Multiple discoveries have been made in recent weeks here in Canada of unmarked graves, at least one mass grave and remains of Indigenous children in school grounds (all of whom died at government-mandated residential schools). Too, there is the ongoing crisis of scores of "Murdered and Missing" Indigenous women and girls. You can't even really say "discoveries" because Indigenous Peoples knew where the burial grounds were. They are the ones who finally gave up on waiting for government action and themselves went with ground-penetrating radar to the areas they knew would yield results, and so it was.
Many emotions have been aroused and it's truly a painful chapter in Canadian history. Partly I feel awful for the suffering of the families, then and now, and partly for my relative ignorance about the various issues involved. Too, I don't know of anything I can do to help at all, in any way. Other than learn more about what happened and why and be alert to any chance to be an ally, if wanted.
I have known especially about the lack of clean drinking water on the reserves. It bothers me greatly but I haven't done much to find out why it is so and what can be done to improve that obviously major situation that the rest of Canadians don’t face.
I don't want the sum of my life to be "I could've done more" but in this instance it would be. :(
Irony then that the Canadian monarch (the British Queen) must approve the appointment - in this case, an Indigenous woman - even if it's only a rubber stamp, given the comment by Niigaan Sinclair about being equal partners.
The issues are complex and I'm feeling bad that I haven't looked into them more often and more carefully when it's really a huge big deal in Canada and I've been at least vaguely aware of it all my life. Aware that there's a problem there, not too well informed about the ins and outs of it. That right there is a big part of the problem. It's easy to leave things to government and trust they'll do the right thing, although not always (or even often) realistic.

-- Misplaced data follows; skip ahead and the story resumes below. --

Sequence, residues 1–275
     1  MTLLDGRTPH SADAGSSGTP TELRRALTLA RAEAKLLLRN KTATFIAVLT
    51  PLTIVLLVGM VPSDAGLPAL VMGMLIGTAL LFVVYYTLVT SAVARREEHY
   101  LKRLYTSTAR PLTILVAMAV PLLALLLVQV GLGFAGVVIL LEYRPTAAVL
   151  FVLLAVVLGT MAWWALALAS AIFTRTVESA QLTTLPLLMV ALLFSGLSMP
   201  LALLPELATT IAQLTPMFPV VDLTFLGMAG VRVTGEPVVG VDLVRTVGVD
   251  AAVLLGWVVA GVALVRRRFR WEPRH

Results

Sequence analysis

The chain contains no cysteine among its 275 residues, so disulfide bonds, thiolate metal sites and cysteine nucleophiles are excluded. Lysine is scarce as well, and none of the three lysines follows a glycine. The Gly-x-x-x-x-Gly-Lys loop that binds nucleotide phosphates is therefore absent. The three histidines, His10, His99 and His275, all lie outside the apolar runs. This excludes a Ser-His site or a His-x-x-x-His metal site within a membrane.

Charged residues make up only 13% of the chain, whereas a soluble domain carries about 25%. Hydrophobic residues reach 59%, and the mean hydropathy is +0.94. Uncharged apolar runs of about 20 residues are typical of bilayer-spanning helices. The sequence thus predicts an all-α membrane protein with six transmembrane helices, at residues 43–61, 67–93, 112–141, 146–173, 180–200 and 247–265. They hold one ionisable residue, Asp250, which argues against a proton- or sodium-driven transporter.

Of course I see parallels between the US and Canada with the issue of how some citizens and the government treat others who are supposedly equal citizens or should be.
In Canada we've had all the recent upheaval and controversy over the search for and discovery of the remains of thousands of Indigenous children at the government-mandated schools, as mentioned above (parents had no choice but to send their kids away to residential school, unless they signed away their treaty rights), the larger picture of ongoing mistreatment/lack of equal treatment of Indigenous Peoples and the disclosures and questions about the involvement of religious institutions in the abundant and abhorrent abuses of Canada's First Peoples. I've vaguely heard about it for most of my life but not with the details that have recently been disclosed. And finally, maybe, this is the straw that broke the camel's back - the images of children's graves (as well as government inaction over the tragedy) and the telling and re-telling of firsthand accounts of abuse at the hands of teachers and officials, many of whom were nuns, priests and members of churches of various denominations. Finally, maybe, those most sorely affected, and those still suffering, and their descendants, are being heard. And this time decisive action will be taken and whatever remediation possible will occur.
Of course, the USA has grappled with similar issues in its own history, the oppression of "the other". The whole world witnessed a recent example in the painful and horrifying spectacle of the death of George Floyd. And there are countless other incidents in both our countries where some of the root causes are similar, although the targets may be different.
For some reason today, as I heard the announcement of the new Governor General, the first Indigenous Person appointed to the role, I heard Sam Cooke in my head: A Change is Gonna Come.
It's taken too long. And been so excruciatingly painful for all too many of our fellow beings. But at last maybe we're on the cusp. There can be no going back.
As a treat if you've read through this whole thing (which I hope is somewhat on topic, if only because a lot of the pain has been inflicted by skewed religious ideas and incompetent, unfit, unkind, if not outright criminal, church representatives, here's the amazing sound of Sam Cooke and his prophetic and most appealing statement: A change is gonna come.
Slow, definitely, but sure...it is to be mightily hoped.https://www.youtube.com/watch?v=wEBlaMOmKV4